GAEC and the University of Ghana established the School of Nuclear and Allied Sciences (SNAS) in 2006 to provide human resources to run the eventual power plant, and ensure the continuous training of competent nuclear scientists. This is represented as the designated centre for nuclear science education in west Africa.
Early in 2010 Senegal announced that as part of its policy to replace oil for power generation, and to integrate with the West African Power Pool (WAPP), it was considering a nuclear power plant by about 2020. The energy minister was keen to establish an African Commission for Nuclear Energy with headquarters in Dakar. However then in 2011 the president said that he had cancelled plans for nuclear power. Domestic demand is only 550 MWe, but is growing at 7% per year, and "erratic" electricity production in 2014 was 3.7 TWh, 3 TWh of this from oil. France in 2010 offered technical assistance.
Uganda's Atomic Energy Bill came into effect in 2008, to regulate the use of ionising radiation and provide a framework to develop nuclear power generation. The government has signed an agreement with IAEA to initiate moves in that direction. Peak demand in 2007 was 428 MWe met mainly from hydro, and projected demand for 2015 is 2000 MWe. Some $500 million is being spent on doubling transmission lines to 3400 km, including links to Kenya and Rwanda.
Electricity production in 2014 was 9.26 TWh, 3.3 TWh from hydro, 4 TWh from geothermal, 1.7 TWh from oil. This is generated from 767 MWe of hydro capacity and now 680 MWe of geothermal which will supply about half the demand, as well as some oil and gas and other. In 2016 Kenya's installed electricity generation was 2300 MWe, and the Energy Regulatory Commission plans 6766 MWe capacity by 2020. The 960 MWe Lamu coal-fired plant is expected on line in 2017.
The annual demand growth has reached 7% and on one projection is expected to increase to 15% as the Vision 2030 projects are implemented. Demand is expected to reach 15,000 MWe by 2030, and in March 2015 the Energy Regulatory Commission said installed capacity in 2033 would be 24,674 MWe, allowing significant exports. Of this, 7264 MWe would be geothermal, 5400 MWe coal-fired, 2600 MWe nuclear, 3960 gas turbine and 2180 MWe wind. Another projection has 19,000 MWe on line in 2033 including 4000 MWe nuclear, and a lower one projects 6000 MWe demand in 2030, providing 36 TWh with no nuclear contribution.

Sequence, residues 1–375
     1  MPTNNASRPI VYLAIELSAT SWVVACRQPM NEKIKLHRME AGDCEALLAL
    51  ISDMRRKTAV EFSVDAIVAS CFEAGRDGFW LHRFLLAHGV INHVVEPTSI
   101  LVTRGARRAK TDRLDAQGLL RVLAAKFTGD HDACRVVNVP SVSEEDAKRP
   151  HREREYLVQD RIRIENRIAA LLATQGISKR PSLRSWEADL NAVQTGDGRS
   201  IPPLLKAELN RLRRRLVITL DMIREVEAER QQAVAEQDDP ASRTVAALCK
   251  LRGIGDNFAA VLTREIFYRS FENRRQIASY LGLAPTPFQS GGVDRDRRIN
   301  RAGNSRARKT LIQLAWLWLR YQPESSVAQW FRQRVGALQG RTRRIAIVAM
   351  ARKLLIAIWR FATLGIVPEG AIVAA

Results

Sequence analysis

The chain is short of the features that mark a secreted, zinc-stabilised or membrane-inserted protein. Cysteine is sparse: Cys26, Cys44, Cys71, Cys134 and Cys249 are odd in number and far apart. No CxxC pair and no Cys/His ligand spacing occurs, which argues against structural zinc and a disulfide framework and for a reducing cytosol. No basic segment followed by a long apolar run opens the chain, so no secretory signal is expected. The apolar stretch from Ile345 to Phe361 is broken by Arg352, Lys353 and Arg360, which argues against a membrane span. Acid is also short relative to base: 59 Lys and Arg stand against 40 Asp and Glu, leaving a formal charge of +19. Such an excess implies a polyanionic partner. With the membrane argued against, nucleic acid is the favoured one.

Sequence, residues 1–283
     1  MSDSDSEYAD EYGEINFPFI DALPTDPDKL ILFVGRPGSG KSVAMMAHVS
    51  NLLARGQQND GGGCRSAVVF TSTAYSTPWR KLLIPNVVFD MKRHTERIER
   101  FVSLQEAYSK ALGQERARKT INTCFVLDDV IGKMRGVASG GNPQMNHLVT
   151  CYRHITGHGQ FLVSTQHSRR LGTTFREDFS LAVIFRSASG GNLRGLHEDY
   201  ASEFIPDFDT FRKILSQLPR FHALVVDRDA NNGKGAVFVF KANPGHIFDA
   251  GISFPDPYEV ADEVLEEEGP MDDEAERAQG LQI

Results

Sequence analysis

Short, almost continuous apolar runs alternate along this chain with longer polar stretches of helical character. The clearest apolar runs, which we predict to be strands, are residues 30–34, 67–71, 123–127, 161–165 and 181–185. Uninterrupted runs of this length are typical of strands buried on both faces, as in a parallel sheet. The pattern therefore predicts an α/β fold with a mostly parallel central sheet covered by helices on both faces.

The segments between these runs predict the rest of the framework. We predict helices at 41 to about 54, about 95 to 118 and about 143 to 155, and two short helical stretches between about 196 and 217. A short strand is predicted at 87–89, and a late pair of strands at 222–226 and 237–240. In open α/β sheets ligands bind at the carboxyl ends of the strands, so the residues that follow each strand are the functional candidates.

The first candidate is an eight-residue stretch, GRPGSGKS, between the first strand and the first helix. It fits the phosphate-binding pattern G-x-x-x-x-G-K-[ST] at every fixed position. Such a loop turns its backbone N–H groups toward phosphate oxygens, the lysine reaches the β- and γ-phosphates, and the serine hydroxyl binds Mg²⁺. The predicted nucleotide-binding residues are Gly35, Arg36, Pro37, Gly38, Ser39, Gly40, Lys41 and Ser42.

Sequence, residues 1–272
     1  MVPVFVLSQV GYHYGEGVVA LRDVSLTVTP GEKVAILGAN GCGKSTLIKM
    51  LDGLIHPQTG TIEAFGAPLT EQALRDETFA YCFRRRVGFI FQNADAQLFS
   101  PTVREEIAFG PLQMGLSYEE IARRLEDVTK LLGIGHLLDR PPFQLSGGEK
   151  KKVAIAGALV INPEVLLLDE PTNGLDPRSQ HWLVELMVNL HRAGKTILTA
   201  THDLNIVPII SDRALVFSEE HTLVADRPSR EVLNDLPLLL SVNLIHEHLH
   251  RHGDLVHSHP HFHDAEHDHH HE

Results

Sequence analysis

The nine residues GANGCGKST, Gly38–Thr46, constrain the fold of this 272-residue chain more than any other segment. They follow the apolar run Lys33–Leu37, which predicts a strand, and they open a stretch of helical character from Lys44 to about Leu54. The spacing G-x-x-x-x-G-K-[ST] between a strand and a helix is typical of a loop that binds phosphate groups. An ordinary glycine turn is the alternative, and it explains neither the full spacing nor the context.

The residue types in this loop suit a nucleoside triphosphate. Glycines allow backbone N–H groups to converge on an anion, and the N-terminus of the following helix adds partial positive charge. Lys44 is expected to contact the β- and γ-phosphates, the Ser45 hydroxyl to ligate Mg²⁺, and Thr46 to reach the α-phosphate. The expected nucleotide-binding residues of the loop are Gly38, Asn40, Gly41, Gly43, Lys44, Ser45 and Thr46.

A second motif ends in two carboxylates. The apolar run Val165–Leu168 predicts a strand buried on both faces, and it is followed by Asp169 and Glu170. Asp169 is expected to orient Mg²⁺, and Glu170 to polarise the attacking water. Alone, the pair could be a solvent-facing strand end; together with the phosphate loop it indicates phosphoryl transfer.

In 2010 Kenya's National Economic & Social Council recommended that the country start using nuclear power by 2020 to meet its growing electricity demand. A former Energy Minister was appointed to head a Nuclear Electricity Project Committee which became the Kenya Nuclear Electricity Board (KNEB) in May 2014, and aims to replace some oil and gas-fired capacity with nuclear power. The KNEB is charged with fast-tracking the development of nuclear electricity generation in Kenya with a mission to promote "safe and secure application of nuclear technology" for sustainable electricity generation and distribution. In 2016 an IAEA integrated regulatory review (IRR) of Kenya’s Radiation Protection Board was undertaken. The goal of having 1000 MWe of nuclear capacity on line by 2025 and 4000 MWe by 2033 has been reaffirmed in 2016.
Coastal sites were being sought, and the project involves conforming plans to IAEA terms, conditions and milestones. The IAEA completed an initial review of plans in March 2011 considering a site on Athi Plains, 50 km from Nairobi, and an IAEA Integrated Nuclear Infrastructure Review (INIR) mission visited in 2015 to advise the KNEB. Its leader said that "Kenya has given thorough consideration to the infrastructure that will be necessary should the country decide to proceed with the development of a national nuclear power programme." The Energy Ministry noted that a South Korean plant would cost about $3.5 billion, but would provide cheaper electricity than some alternatives. Another estimate of the project cost is $9.8 billion.
Kenya Electricity Generation Co. Ltd. (KenGen, 70% state-owned), supplies 80% of the country's power, mostly from hydro to 2013, and aims to double installed capacity to 3000 MWe by 2018, then 4200 MWe in 2022 and increase that to 9000 MWe by 2030 – at least half geothermal. It expects total 2030 Kenya capacity to be almost 18 GWe, with IPPs. It is seeking a partner to produce nuclear power by 2022 to help meet rising demand and diversify from hydropower, which has little potential for expansion.
In September 2015 an agreement was signed by Kenya Nuclear Electricity Board (KNEB) with China General Nuclear Power (CGN) to investigate building a Hualong One reactor in Kenya. The agreement is to enable Kenya to "obtain expertise from China by way of training and skills development, technical support in areas such as site selection for Kenya's nuclear power plants and feasibility studies," according to KNEB. KNEB is conducting a technology assessment including size and water requirements.